Caroline Glick, writing in the Jerusalem Post, seems to have as good a measure of Barack Obama’s “foreign policy” as anyone I’ve read. Discussing that in the context of Israeli Prime Minister Binyamin Netanyahu’s Sunday speech (two state solution/demilitarized Palestine), Glick writes of Obama and his advisors:
To be moved by rational argument, a person has to be open to rational discourse. And what we have witnessed over the past week with the Obama administration’s reactions to both North Korea’s nuclear brinksmanship and Iran’s sham elections is that its foreign policy is not informed by rationality but by the president’s morally relative, post-modern ideology. In this anti-intellectual and anti-rational climate, Netanyahu’s speech has little chance of making a lasting impact on the White House.
If rational thought was the basis for the administration’s policymaking on foreign affairs, North Korea’s decisions to test long range ballistic missiles and nuclear weapons, send two US citizens to long prison terms and then threaten nuclear war should have made the administration reconsider its current policy of seeking the approval and assistance of North Korea’s primary enabler – China – for any action it takes against Pyongyang. As Nicholas Eberstadt suggested in Friday’s Wall Street Journal, rather than spending its time passing UN Security Council resolutions with no enforcement mechanisms against North Korea, the administration would be working with a coalition of the willing to adopt measures aimed at lowering the threat North Korea constitutes to regional, US and global security through its nuclear and ballistic missile programs and its proliferation activities.
But the administration has done no such thing. Instead of working with and strengthening its allies, it has opted to work with North Korea’s allies China and Russia to forge a Security Council resolution harsh enough to convince North Korean leader Kim Jung Il to threaten nuclear war, but too weak to degrade his capacity to wage one.
Similar to Obama’s refusal to reassess his failed policy regarding North Korea, his nonreaction to the fraudulent Iranian election shows that he will not allow facts to interfere with his slavish devotion to his ideological canon that claims that no enemy is unappeasable and no ally deserves automatic support. Far from standing with the democratic dissidents now risking their lives to oppose Iran’s sham democracy, the administration has reportedly expressed concern that the current postelection protests will destabilize the regime.
Obama has also refused to reconsider his decision to reach a grand bargain with the ayatollahs on Iran’s nuclear weapons program that would serve to legitimize their continued grip on power. His refusal to make a moral distinction between the mullahs and their democratic opponents – like his refusal in Cairo to make a moral distinction between a nuclear-armed Iran and a nuclear-armed America – makes clear that he is not interested in forging a factually accurate or morally clear-sighted foreign policy.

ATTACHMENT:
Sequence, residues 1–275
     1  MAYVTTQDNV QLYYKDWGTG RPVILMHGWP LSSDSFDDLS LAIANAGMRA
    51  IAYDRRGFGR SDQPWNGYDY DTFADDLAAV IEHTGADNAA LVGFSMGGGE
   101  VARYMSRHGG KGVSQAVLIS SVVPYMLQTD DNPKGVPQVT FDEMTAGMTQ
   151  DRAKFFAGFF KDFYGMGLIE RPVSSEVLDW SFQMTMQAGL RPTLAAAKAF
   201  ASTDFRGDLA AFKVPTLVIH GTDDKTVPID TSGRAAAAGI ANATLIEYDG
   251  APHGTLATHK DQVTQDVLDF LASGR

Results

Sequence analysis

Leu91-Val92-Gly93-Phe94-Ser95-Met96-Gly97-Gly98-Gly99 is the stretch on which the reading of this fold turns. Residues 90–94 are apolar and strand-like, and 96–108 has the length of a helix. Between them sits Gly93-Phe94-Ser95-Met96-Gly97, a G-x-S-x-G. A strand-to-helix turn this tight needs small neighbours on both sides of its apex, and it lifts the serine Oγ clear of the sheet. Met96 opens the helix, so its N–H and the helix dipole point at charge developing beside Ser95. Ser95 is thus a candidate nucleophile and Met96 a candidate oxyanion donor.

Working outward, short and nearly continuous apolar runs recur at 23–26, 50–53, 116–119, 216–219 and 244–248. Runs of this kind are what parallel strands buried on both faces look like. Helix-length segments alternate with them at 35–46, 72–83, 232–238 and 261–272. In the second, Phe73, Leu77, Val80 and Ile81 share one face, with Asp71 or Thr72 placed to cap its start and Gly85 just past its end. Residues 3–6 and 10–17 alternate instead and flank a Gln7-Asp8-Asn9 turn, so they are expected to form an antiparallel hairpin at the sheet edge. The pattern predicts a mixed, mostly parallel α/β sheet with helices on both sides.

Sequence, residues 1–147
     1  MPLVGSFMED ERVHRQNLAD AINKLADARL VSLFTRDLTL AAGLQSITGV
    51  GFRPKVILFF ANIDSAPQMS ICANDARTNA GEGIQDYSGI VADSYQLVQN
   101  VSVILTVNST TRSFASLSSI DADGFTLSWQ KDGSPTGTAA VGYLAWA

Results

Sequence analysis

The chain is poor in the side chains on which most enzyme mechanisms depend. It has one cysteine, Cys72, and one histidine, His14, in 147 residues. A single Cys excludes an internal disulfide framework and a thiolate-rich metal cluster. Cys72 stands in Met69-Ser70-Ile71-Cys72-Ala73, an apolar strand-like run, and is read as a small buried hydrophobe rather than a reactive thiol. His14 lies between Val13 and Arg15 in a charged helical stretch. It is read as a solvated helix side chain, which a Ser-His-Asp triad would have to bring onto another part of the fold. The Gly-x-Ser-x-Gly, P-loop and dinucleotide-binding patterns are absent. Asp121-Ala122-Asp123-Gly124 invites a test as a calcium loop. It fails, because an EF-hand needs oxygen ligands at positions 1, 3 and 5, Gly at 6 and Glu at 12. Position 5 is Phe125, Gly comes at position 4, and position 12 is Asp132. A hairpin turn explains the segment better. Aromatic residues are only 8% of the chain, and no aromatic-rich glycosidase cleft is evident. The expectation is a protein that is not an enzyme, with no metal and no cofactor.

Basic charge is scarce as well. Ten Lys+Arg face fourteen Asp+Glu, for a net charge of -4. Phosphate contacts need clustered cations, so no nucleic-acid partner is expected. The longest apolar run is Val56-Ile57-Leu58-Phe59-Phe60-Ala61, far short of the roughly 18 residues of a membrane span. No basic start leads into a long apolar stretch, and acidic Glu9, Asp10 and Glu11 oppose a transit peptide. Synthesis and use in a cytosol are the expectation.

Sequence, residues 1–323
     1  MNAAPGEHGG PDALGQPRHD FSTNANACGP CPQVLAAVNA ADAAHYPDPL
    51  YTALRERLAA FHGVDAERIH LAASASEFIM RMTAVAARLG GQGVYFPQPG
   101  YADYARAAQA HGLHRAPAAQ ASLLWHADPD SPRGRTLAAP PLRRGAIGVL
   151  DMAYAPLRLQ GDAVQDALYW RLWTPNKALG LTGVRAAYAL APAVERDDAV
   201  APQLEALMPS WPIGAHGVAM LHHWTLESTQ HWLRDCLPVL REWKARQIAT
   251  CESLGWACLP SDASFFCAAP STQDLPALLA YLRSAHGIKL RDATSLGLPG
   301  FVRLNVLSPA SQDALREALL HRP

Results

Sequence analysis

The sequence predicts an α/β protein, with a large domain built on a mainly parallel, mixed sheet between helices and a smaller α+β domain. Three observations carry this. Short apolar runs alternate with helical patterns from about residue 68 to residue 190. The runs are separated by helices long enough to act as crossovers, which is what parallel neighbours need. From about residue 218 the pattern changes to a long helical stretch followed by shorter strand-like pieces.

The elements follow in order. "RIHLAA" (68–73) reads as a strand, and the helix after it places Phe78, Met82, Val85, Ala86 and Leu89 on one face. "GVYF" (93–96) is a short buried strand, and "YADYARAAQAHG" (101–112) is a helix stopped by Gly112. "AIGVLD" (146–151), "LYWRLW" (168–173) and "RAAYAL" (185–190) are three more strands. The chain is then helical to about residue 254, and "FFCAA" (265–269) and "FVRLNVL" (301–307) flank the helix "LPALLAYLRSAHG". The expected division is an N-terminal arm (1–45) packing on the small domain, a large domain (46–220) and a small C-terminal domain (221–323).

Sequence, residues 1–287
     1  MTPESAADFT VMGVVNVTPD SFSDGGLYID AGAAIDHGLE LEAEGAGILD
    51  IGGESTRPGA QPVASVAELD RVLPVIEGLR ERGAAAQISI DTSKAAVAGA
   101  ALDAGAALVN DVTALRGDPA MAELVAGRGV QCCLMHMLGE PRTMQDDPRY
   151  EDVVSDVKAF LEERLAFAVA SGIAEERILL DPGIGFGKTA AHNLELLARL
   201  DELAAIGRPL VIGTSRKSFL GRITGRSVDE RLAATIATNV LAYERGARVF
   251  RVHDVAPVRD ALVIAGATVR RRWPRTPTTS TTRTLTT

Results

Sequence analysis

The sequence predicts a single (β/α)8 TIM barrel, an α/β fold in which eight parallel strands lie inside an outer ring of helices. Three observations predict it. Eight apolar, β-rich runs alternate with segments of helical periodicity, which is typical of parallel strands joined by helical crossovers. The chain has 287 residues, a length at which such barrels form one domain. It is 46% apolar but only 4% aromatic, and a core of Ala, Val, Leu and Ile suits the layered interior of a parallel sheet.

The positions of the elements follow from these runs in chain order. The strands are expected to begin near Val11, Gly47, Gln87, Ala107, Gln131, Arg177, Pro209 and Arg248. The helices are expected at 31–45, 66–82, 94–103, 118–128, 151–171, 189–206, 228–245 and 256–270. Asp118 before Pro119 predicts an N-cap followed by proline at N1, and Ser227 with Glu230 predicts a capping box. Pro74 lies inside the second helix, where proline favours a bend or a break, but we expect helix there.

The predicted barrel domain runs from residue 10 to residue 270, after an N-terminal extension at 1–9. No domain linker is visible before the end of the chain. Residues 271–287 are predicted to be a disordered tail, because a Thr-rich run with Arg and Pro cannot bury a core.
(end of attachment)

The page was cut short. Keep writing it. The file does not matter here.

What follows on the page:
At that point in her article, she brings it home to Israel and points to why, given her assessment of Obama’s foreign policy tendencies, Netanyahu’s speech will not be met with the approbation it deserves, in her opinion, by the US. And she makes a good case for her point which you ought to read.
But I was far more interested in the general analysis than how it specifically applied to Israel because it is one of the best and most clearly stated I’ve seen yet. While she doesn’t say it directly, the path the administration is taking is an extremely dangerous path in dealing with these problems she points too.
Regimes like NoKo and Iran see any conciliatory or ineffective moves toward them as signs of weakness to be exploited. And NoKo is presently in the middle of doing precisely that. Iran, caught up in its own internal difficulties at the moment, will soon follow once those are resolved (and they will be resolved).
To bring it back to the Israeli question, the same sort of policy is at work there – lean on Israel to come up with the solution and make the concessions while mostly ignoring the Palestinian side of the equation. Netanyahu made a point, in his speech, to remind the Obama administration of the very first thing which must be done before any meaningful peace process can begin:
Netanyahu demonstrated that through their consistent rejection of Israel’s right to exist as the Jewish state, the Palestinians – not us – are the side responsible for the absence of Middle East peace.
Until that is done, nothing will change. Instead of trying to get Israel to accept Palestine and make concessions, this should be the focus of the US effort there. Without it, nothing changes. But, as Glick points out, that isn’t the focus of he US effort and thus, it is doomed to failure (and she assumes when it failure is finally admitted, it will be Israel that is blamed).
A very interesting and disheartening read. Like I said, I think Glick has nailed it, and, to quote someone close to the Obama administration, in a few years, unfortunately, these foreign policy chickens are going to “come home to roost”.